WATER RESOURCES RESEARCH GRANT PROPOSAL
TITLE: Technology to Help Alaskan Mines Clean-up Cyanide Contaminated Water - Pilot Scale Testing of a Sequencing Batch Biofilm Reactor
FOCUS CATEGORIES: HYDGEO, TS, TRT, WQL KEYWORDS: 48, 150, 265, 271 DURATION: 1 March 1999 to 29 February 2000 FY99
FEDERAL FUNDING: $19,650 FY 99
NONFEDERAL FUNDING: $22,750
PRINCIPAL INVESTIGATOR: Dr. Daniel M. White Civil and Environmental Engineering Department University of Alaska Fairbanks Fairbanks, AK 99775
CONGRESSIONAL DISTRICT: Alaska
Background and Objectives
In 1997 we developed a biological process for treating water contaminated with cyanide. The original research was funded by Ryan Lode Mines. The Ryan Lode Project resulted in a laboratory scale bioreactor (2-liter volume) which was fed cyanide laden wastewater and produced treated water with no measurable cyanide. The results from this study were published in the scientific journal "Water Research"(White and Schnabel, 1998).
As part of the FY1998 Alaska Water Resources Research Institute Program, this project was funded for the first of two years to test a pilot-scale plant for treatment of cyanide contaminated water. Although the proposal had the primary goal of scaling-up the 2-liter reactor by 1000 times, the following additional questions were to be addressed:
1. What is the effect of influent waste stream temperature on the rate of cyanide removal?
2. What is the effect of sulfur, iron, arsenic, lead and other metals on the performance of the reactor? Are the metals bioaccumulated and could this be used as a mechanism for removing unwanted metals from the waste stream?
3. How is the rate of cyanide removal affected by fluctuations in the influent cyanide concentration?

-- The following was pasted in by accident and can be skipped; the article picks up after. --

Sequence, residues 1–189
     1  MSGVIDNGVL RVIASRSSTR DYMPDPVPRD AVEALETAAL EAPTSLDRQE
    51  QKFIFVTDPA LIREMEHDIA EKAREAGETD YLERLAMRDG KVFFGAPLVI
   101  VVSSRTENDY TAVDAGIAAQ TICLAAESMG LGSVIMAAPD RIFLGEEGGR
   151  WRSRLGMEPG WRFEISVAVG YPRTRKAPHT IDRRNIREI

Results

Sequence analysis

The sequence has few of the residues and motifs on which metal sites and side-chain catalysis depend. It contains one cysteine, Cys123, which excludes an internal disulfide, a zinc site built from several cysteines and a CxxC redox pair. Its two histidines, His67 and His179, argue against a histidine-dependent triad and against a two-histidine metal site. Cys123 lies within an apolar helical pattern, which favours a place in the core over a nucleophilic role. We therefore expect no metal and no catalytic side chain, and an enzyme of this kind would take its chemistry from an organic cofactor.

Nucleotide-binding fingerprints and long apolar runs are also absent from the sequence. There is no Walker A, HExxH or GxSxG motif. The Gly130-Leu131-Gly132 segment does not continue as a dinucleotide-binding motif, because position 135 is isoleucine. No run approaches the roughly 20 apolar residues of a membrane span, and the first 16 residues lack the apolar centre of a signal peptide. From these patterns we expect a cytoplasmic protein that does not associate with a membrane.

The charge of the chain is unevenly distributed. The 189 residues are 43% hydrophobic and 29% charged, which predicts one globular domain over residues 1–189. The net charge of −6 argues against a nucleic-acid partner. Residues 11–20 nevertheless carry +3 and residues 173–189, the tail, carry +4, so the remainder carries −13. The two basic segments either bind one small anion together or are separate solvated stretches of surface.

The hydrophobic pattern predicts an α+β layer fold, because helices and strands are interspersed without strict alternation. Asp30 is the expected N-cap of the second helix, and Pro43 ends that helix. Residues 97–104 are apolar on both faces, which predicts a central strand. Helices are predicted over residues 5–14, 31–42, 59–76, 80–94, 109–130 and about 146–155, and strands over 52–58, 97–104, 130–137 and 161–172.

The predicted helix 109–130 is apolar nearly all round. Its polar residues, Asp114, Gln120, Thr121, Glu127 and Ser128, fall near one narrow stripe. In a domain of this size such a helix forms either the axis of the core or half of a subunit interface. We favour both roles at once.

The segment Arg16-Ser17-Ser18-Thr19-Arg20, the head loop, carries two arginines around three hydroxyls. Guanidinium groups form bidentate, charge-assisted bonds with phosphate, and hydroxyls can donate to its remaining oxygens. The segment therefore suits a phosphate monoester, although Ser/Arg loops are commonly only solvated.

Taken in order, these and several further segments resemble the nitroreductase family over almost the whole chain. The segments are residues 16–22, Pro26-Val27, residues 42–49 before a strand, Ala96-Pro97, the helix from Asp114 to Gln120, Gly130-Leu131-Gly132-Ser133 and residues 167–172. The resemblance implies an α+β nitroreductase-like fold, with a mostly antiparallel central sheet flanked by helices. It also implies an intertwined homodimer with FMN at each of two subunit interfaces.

4. What is the relationship between the biomass concentration in the reactor and the cyanide removal rate?
During the first year of the project, the primary goal of scale-up was successful. The results from the start-up and operation of a 2000 liter pilot-scale system were presented at the 9th International Conference on Cold Regions Engineering and were published in the attached proceedings (Pilon and White, 1998). In addition, presentations were made to a joint meeting of the Alaska Water Wastewater Management Association and the American Water Resources Association on December 9, 1998 and to the Water and Environmental Research Center on October 16, 1998. In addition, a manuscript is being submitted to the journal "Water Research" on pilot-scale operation of the cyanide treatment system.
Funding for the second year will be used to continue testing the pilot-scale reactor and use a laboratory-scale reactor to continue addressing the four questions listed above. The first and third questions are presently being addressed in the pilot-scale system.
Nearly all hard-rock gold mines in Alaska use a cyanide amalgamation process to remove gold from complex minerals. Processes such as those at the Fort Knox Gold Mine near Fairbanks mix cyanide with a crushed rock slurry in large tanks. Others, such as the Ryan Lode Mine, also near Fairbanks, use the heap leach process. In the heap leach process, a concentrated cyanide solution is sprinkled over massive heaps of crushed ore. In both the slurry and heap leach processes, cyanide extracts gold from ore by forming a cyanide-gold amalgam. The amalgam is then washed from the ore for gold recovery. At the end of the process, the ore contains residual cyanide. Rinsing heaped ore with freshwater results in a leachate contaminated with low levels of cyanide (e.g., 2-10 mg/L CN-WAD).
In order to remain economical, gold mines must have an inexpensive technology for removing cyanide from wastewater. At present, most mines use a chemical process to destroy the cyanide at considerable expense. The sequencing batch biofilm reactor produced by this research will be an inexpensive alternative for miners to eliminate cyanide from waste streams. Particularly as the price of gold drops, miners have an increasing need for cost effective processes.